For a lot of people, the main priority of going to the gym is to lose weight. But the thought of spending hours upon hours plodding away on a treadmill can often be off-putting. If only there was a way to get the same kind of results in short, sharp bursts. If this is something you find yourself asking, then HIIT may be the answer. But how does it compare to more traditional cardio exercise?
HIIT me with it
High-intensity interval training (HIIT) is a form of exercise where someone exerts themselves for short periods of time. For it to truly count as HIIT, you need to get your heart rate to at least 80% of your maximum heart rate (MHR) during the intense exercises.
A very rough and ready way of calculating your heart rate is 220 minus your age in years. However, a more accurate way of calculating your maximum heart rate is 208 minus (0.7 x your age in years).
Workouts are made up of 'work' and 'recovery' phases and can last between 10 and 60 minutes depending on the programme. It can be done anywhere - in the gym, at home, in the park etc. One of the main appeals of HIIT is that it's so accessible and doesn't necessarily require an expensive gym membership or equipment.
HIIT exercises can vary, but here's an example of a typical workout:
Some of the benefits of HIIT workouts include:
- Increased stamina
- Improved strength
- Fat burning
- Increased natural metabolic rate after exercise, meaning you continue to burn calories after you've stopped exercising
- Stress relief
- Helping to regulate blood sugar
Each HIIT workout is different but aims to achieve the same results: quick and effective fat loss.
"HIIT has been around for years, but has had an upsurge in popularity as people who have less time available but want the same results have been looking for something without the time commitment and hard slog of going out for a long run/bike ride," explains Nuffield Health fitness manager, Dave Mercer.
It's important to know what you're letting yourself in for though. These types of workouts are not suitable for pregnant women, those suffering from a heart condition or those who struggle to recover quickly. It's also not a good idea to jump straight into a HIIT routine if you don't know how to do the basic exercises in the first place.
If exercising is new to you, consulting a personal trainer or doing some research online will help. There are plenty of videos on YouTube that will teach you proper form when performing these exercises in order to help prevent injury. Simply search for 'HIIT for beginners' and you'll be met with a wide range of resources.
Variety is the spice of life
All those numbers around MHR and timings may seem daunting, especially when the exercises may be different each time. But keeping your exercise routine varied could be the solution to keeping you more engaged with your workouts.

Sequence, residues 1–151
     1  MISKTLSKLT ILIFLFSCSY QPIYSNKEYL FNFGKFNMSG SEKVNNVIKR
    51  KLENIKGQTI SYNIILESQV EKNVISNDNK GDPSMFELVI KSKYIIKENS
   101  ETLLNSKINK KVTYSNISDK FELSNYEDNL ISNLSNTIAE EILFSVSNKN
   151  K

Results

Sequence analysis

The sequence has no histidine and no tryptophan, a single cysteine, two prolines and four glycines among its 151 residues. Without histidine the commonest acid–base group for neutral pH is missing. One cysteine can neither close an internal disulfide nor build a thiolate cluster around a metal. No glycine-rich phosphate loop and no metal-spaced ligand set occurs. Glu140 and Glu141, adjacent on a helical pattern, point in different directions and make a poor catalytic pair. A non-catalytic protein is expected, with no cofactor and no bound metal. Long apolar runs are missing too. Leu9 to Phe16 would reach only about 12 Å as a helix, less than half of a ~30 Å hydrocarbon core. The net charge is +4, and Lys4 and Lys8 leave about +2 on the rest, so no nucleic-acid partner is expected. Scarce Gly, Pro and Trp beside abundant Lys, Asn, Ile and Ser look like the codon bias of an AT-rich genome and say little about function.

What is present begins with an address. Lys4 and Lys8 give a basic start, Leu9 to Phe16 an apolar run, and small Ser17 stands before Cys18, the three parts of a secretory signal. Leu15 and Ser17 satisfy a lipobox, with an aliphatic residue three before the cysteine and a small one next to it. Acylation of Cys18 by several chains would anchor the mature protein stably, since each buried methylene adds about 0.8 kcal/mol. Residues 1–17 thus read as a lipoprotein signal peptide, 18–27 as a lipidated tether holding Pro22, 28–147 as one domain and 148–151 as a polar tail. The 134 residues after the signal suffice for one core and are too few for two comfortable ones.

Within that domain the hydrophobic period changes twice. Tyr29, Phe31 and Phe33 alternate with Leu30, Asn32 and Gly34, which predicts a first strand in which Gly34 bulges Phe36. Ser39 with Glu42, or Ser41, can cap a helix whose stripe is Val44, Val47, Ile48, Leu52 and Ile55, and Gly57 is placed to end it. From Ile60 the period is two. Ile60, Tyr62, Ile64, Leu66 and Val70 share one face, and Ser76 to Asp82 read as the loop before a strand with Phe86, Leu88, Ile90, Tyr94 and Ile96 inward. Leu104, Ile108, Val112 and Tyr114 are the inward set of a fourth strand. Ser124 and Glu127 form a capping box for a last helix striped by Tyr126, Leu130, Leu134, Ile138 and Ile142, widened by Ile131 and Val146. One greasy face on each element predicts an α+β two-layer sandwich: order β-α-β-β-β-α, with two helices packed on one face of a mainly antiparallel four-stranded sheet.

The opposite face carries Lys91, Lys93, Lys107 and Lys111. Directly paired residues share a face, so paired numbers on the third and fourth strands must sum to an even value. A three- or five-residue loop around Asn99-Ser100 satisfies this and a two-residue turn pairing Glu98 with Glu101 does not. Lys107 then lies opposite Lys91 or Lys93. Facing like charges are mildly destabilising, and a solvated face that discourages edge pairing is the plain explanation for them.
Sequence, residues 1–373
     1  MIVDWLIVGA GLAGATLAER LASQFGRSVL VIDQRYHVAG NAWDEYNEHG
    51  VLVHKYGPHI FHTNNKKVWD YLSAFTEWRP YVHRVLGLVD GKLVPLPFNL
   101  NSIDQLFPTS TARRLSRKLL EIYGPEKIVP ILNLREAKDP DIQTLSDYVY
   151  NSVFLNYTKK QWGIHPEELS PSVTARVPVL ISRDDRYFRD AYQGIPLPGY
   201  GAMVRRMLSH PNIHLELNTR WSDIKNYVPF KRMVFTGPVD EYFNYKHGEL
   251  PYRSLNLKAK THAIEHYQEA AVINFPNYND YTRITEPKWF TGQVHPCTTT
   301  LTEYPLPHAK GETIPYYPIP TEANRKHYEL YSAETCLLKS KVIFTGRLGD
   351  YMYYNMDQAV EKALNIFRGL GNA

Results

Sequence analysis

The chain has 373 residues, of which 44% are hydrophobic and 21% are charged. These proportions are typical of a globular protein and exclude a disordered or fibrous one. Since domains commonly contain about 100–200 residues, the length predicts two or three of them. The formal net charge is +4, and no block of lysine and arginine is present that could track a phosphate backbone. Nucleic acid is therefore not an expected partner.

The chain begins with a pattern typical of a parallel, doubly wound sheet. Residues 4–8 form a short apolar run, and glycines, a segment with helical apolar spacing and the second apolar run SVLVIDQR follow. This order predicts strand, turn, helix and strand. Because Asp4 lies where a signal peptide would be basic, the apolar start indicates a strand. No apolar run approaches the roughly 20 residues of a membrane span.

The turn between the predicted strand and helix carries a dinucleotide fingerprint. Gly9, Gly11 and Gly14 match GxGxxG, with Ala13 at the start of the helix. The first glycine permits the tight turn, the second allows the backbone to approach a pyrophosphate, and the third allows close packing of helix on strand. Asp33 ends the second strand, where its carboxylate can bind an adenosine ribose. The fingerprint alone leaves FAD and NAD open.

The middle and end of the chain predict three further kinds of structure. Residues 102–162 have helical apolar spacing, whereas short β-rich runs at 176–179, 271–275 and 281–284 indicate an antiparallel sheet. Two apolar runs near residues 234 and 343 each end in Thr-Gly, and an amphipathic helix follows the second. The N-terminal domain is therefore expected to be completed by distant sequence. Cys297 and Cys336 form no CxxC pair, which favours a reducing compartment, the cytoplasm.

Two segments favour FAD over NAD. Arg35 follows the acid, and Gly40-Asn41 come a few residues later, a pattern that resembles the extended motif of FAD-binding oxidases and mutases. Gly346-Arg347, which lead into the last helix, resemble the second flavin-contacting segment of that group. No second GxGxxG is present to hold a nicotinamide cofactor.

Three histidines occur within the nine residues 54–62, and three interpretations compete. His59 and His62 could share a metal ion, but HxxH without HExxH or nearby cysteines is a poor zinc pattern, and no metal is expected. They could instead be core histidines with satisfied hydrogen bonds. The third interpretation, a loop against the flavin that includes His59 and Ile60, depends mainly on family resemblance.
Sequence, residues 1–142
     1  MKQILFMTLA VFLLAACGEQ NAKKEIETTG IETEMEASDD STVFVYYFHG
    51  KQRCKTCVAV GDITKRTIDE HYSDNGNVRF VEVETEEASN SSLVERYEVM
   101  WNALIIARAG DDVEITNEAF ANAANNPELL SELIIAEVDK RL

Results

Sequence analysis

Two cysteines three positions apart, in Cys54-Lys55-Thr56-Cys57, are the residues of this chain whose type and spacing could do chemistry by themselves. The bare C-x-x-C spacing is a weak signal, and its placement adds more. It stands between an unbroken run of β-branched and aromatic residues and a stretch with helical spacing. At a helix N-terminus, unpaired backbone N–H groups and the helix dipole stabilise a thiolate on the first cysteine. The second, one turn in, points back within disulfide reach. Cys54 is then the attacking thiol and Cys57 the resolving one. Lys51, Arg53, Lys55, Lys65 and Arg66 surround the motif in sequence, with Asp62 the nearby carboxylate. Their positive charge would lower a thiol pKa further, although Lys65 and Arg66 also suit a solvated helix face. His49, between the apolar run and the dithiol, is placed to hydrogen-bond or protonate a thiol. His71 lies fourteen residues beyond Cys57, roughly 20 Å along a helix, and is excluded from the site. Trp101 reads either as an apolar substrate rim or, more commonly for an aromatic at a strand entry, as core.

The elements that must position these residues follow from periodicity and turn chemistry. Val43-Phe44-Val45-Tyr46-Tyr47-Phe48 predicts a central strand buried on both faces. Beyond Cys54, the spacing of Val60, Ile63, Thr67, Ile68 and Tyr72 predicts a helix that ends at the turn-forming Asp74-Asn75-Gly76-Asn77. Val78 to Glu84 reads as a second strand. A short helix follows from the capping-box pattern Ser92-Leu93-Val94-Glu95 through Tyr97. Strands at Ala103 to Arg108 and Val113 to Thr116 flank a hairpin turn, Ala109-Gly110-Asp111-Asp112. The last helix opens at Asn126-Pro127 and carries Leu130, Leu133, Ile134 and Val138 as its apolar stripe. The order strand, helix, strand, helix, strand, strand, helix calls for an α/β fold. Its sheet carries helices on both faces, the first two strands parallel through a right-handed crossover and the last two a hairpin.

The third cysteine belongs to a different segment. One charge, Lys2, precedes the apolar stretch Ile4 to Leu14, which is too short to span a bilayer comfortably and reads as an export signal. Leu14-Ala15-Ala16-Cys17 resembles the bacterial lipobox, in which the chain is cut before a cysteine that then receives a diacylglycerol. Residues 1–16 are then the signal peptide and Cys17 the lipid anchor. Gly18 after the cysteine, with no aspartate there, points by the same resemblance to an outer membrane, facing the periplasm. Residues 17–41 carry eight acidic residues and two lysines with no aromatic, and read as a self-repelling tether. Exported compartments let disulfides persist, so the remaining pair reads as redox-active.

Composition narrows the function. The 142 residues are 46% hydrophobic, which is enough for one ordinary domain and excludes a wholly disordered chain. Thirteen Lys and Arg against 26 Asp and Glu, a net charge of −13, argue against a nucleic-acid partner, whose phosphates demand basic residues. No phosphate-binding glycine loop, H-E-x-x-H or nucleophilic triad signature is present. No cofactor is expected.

"Varied workouts keep the body guessing," says Mercer. "We want to try and adapt our workouts as we get stronger and fitter otherwise we will never hit our targets."
"Four areas to look at adjusting as you exercise are frequency, intensity, time, and type. By adjusting these every 4-6 weeks, your workout will move in the right direction. If this isn’t modified then your body will reach a plateau."
Low-intensity interval training (LIIT) is also a viable option, particularly for those days where your body may need to take it a little easier or for those just starting out. LIIT workouts consist of periods of exercise and periods of rest, but the impact during exercises is significantly reduced. In essence, it's HIIT but with no jumping or running.
In fact, if done correctly, LIIT can be just as effective as HIIT for fat loss.
Whatever the intensity, there's no point charging into a bunch of different workouts that you've never tried before, only to end up discouraged or injured. Try out some different things and see what works best for you.
"The most important thing is to stay within your limits. If you are not sure how far to push yourself, make sure you seek professional advice," says Mercer.
Cardi-yes or cardi-no?
Celebrity fitness trainer Jillian Michaels described cardio as the least efficient form of exercise for weight loss "because it is not metabolic, meaning it doesn't cause the body to continue to burn calories post workout". Research also suggests HIIT will result in a greater reduction of body fat, compared to traditional exercise.
Cardio is defined as a steady-state exercise where your heart rate is raised above 50% of your MHR for an extended period of time. Examples of this could be running, jogging, cycling or jumping rope.
With the popularity of HIIT on the rise, steady-state cardio may have seen a drop in recent years.
Some other benefits include:
- Improved heart health.
- Increased fitness and maximum oxygen intake.
- Calorie burning.
- A reduced risk of metabolic diseases.
As with any exercise, it's important to find something that you like. Killing yourself on a spinning bike each week may burn lots of calories but won't do you any good if you hate every second of it. Why not try something you've never done before, like running? Setting a realistic goal such as doing a 10k in a few months time will bring some purpose to your cardio workouts. Apps like Public Health England's Couch to 5k can help to eventually achieve this.
The final result
So it seems both methods of exercise have their benefits to improve our overall health. It's primarily based on what your preferences are and what goals you want to achieve. Looking to burn lots of calories in one go and improve your stamina? Try cardio. Short on time and need some variety? Try HIIT.
"While I train in both ways, HIIT gives me greater opportunity to make variations and to include some strength movements. If I am short on time I would always go with a HIIT workout to get the highest possible post workout endorphins," Mercer concludes.